Except so far as is expressly provided, the standing orders do not in any way restrict the mode in which the Senate may exercise and uphold its powers, privileges, and immunities. This provision saves for the Senate all powers, privileges, and immunities conferred on it by the Constitution. Where there is a clear direction in the Constitution as to the powers of the Senate, that direction overrides any standing order or practice of the Parliament.
When the standing orders were considered by the Senate, a motion was made to insert the following provision:
In all cases not provided for hereinafter, or by Sessional or other Orders, resort shall be had to the rules, forms and practice of the Commons House of the Imperial Parliament of Great Britain and Ireland in force on 1 January 1901, which shall be followed as far as they can be applied to the proceedings of the Senate.
Although this rule had been included in the temporary standing orders adopted by the Senate in 1901, and a similar standing order was adopted by the House of Representatives, the Senate rejected the proposed new standing order by 18 votes to 5. It was rightly contended that the Senate, working under a new Constitution, ought to have its own practice and procedure.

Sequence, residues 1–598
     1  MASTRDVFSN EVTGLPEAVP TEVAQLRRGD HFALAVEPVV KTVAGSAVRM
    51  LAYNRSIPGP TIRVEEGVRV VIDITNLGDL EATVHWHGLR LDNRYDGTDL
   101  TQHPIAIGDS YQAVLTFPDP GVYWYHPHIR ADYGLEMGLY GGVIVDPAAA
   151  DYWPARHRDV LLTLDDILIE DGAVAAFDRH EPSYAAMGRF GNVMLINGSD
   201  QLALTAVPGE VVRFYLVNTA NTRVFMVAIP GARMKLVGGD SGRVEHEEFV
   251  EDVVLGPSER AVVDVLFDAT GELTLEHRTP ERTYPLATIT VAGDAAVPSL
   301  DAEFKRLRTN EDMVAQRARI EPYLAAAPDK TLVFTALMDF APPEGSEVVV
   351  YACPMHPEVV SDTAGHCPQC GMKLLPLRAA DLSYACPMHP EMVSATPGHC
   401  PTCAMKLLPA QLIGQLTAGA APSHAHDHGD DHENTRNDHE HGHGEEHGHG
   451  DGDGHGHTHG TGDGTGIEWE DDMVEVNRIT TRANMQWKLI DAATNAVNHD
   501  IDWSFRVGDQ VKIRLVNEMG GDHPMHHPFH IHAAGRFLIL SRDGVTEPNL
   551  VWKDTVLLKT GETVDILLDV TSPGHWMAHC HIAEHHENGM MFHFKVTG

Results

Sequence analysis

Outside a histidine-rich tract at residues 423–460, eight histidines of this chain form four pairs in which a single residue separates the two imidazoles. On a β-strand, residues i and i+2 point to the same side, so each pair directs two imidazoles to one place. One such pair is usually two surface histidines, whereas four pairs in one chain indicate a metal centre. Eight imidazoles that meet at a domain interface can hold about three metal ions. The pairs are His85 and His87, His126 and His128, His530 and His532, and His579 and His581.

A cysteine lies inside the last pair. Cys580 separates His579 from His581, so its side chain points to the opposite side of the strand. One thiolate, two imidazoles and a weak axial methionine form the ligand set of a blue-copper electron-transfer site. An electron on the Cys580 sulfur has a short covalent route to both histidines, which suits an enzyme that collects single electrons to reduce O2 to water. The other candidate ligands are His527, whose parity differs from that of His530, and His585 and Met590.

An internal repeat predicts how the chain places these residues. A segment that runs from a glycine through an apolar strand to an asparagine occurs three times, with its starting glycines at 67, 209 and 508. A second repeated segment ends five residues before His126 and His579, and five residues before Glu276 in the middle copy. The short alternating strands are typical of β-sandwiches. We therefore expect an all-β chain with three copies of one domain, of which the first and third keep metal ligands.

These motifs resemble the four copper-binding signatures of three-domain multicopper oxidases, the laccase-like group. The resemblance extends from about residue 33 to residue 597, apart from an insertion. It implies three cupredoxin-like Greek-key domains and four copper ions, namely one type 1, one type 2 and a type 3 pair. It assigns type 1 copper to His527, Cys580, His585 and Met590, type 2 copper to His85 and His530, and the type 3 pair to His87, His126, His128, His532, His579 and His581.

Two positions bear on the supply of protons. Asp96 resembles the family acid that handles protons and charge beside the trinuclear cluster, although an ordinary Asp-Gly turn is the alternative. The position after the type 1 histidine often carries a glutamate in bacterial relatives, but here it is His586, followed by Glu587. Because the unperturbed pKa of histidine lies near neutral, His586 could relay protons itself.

The Senate’s first President, Senator Richard Baker, explained the Senate’s decision thus: “The avowed intention of the Senate in omitting the Standing Order was that in cases not positively and specifically provided for we should gradually build up ‘rules, forms, and practices’ of our own, suited to our own conditions”.
The Senate’s decision to omit the standing order necessarily meant that succeeding Presidents have found it necessary to give many rulings, not only in connection with interpretation of the standing orders, but in those instances where the standing orders are silent. As it is, the Senate has for its guidance the practice of other houses without the bondage of following procedure which may be unsuited to Australian conditions.
A President’s ruling which has not been dissented from by the Senate is equivalent to a resolution of the Senate.
The Senate may at any time amend its standing orders, and the current standing orders have been amended, or added to, on many occasions since their adoption in 1989.